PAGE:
hanging off the back of your truck while you're driving around town. Well they've done it again
with the BedStep2. Whereas the original BedStep was designed
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It supports up to 300 lbs and features a high traction composite step
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by a 3 year warranty. Now stay tuned for an upcoming episode of Motorz
this season where we're going to show you how to install all of AMP Research's products
on a Chevy Silverado, including the BedXtender, the incredible
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engines up to 2000 horsepower. Now for more information visit the Partz
page at our website, Letterz - brought to you by E3 Spark Plugs
Born to Burn.
Hey, are you on Facebook? Cause if you are you should check out our Motorz TV Facebook
page at, every month we're giving away free
tools from the Sears Blue Tool Crew, so you don't want to miss out on any important announcement
plus we're always uploading photos and videos from behind the scenes
while we're filming the show. And of course you don't want to miss out on any important
news updates. So head on over the Motorz TV facebook page and click that
big ol' like button at the top. Now our first letter comes from Nick who writes -
Hello Chris, your show is one of the best, most in depth shows I have ever watched.
I like it so much I watched all four seasons in two days.
Next month i will be getting a 2006 trailblazer and I was wondering
what would be some cheap but powerful upgrades? [Chris] Well Nick, of course you can do
the intake and exhaust combination, you want to do both because you want to open up both ends
now those are inexpensive, you can do it yourself and you will feel the difference
the other upgrade you should do to give you a little bit of added performance and it's really simple
to do is upgrade your spark plugs to E3's.
Next up is Wayne Shaw who writes - Hey Chris, I've been all over the Motorz
website looking to purchase one of those dapper shirts you wear on the show
Do ya know where I coudl buy one? PS. I love the out-takes at the end of the shows. Keep it up!
[Chris] Well Wayne, we don't have them there now but we are going to have them soon.
some shirts, so just click that store link at the top of our website, if it's not there just
keep checking back. Now as far as the outtakes, those are fun, man.
We have so much fun on this show it's great being able to share that, we've been doing that since
episode 1. So if you guys out there haven't seen the credits
in any episode of Motorz, I beg you, check it out, they're funny and I
just make a fool out of myself. Now Leon Davis writes -
Hi Chris, I've got a 2007 Mustang 4.0 and I would like to install
a side exhaust kit and can't find a kit anywhere. Also do I need to have my computer
reconfigured if a cold air intake is added?
[Chris] Leon, check out Cervini's, they have one for the V8 as well as your
V6. The other one to check out is one called Blowby Racing
as far as the intake it depends on the manufacturer. Some do and soem don't
so I recommend that you give them a call or check out their website to see if you need a program
to install their air intake. Now a viewer named
Tom asked - Where did you buy the Hella lights on the 2005 Ford F-150?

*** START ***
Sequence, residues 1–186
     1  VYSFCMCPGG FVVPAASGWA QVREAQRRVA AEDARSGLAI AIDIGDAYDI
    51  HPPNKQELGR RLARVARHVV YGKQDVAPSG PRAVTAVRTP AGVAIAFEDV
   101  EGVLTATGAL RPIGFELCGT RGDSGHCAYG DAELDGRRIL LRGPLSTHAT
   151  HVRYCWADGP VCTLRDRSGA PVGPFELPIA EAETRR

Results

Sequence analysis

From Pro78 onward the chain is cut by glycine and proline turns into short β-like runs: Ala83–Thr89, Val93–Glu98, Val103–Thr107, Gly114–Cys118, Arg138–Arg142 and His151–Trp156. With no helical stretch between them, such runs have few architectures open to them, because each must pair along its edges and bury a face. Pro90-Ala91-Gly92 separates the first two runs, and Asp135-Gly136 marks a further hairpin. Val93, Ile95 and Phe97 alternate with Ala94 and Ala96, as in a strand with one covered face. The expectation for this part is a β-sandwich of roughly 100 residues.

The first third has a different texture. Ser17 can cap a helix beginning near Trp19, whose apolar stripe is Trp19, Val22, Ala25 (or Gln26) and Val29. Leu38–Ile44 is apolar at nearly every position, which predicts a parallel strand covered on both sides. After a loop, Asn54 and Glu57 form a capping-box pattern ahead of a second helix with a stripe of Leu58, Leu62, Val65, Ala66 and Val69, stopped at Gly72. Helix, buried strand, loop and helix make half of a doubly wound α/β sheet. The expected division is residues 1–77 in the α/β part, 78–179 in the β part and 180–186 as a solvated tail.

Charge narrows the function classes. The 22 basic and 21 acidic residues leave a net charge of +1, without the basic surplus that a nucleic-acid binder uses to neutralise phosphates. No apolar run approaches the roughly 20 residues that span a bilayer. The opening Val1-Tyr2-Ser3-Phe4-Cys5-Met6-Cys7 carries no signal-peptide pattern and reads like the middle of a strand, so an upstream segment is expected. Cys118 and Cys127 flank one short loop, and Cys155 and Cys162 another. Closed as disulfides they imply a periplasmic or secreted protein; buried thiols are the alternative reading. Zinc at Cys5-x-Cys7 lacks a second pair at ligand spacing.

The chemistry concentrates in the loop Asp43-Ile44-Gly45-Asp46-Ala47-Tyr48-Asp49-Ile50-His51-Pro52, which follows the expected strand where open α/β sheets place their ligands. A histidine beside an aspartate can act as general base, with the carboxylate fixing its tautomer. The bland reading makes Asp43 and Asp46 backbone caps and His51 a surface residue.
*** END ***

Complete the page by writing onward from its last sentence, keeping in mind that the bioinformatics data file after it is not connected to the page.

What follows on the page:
[Chris] Well Tom, if you head on over to and you scroll down
to a linked called where to buy, click that
and you'll get a huge list of retailers that sell Hella Lights. Now if you
or anyone else that is watching is interested in the installation episode where we featured
Hella Lights, check out episode 5 from Season 2, episode 2 from
season 3, and episode 2 from season 4.
Anthony wrote - Hey Chris, First I just want to say
that I Just found out about Motorz, I'm hooked! I finished all three and a half seasons
in a little over a day. I'm currently considering buying an air compressor and some air
tools and I was wondering what kind you guys might recommend?
[Chris] Well Anthony, we've got a 27 gallon Craftsman air compressor right over here that we use for the show and we love that
thing. Now what most people don't realize is that air tools and air compressors
aren't really that expensive, especially if you get them on sale. Now theres a wide range
of tanks you can get too, you don't have to get a big ol' hurkin thing either
you can get one that fits your budget, what I recommend is that you head on over to the Sears
Blue Tool Crew and have them show you what they've got.
And finally John writes - I've got a Toyota Camry with a V6
I want to change the spark plugs, but the ones in the back are tough to reach are there any
tools or tricks that will make the job easier? [Chris] Well John, if you rewind
this episode a bunch back when we were removing the intake manifold off the top of
our small block Chevy, we used this litlte swivel adapter, I recommend
you get one of those as well as an extension to use with your sockets. WIth those
two things you can pretty much get anything in weird situations inside your engine compartment
with it. Finally, just take your time and remove any plastic
covers or anything else that might be in the way. Now John you might also want to
hold off on that, because you're going to get new spark plugs for sending in your letter
and everybody else who's letter I read on the show today gets a new set of E3 Spark
Plugs for your ride. Now to find out more information about E3's
technology or to see if they're avaialble for your ride, just head on over to Tearing down
an engine can be kind of messy, but with the right tools and the help of a buddy
you can knock it out in just a few hours. now the next step for our small block is to take it to
NuTech Engine Systems in Ramona, California we're going to have our friend Britt
walk us through the entire process of machining a block step-by-step
now for more information on all the tools that we used from the Sears Blue Tool Crew
just head on over to our website. We'll catch you next week on Motorz!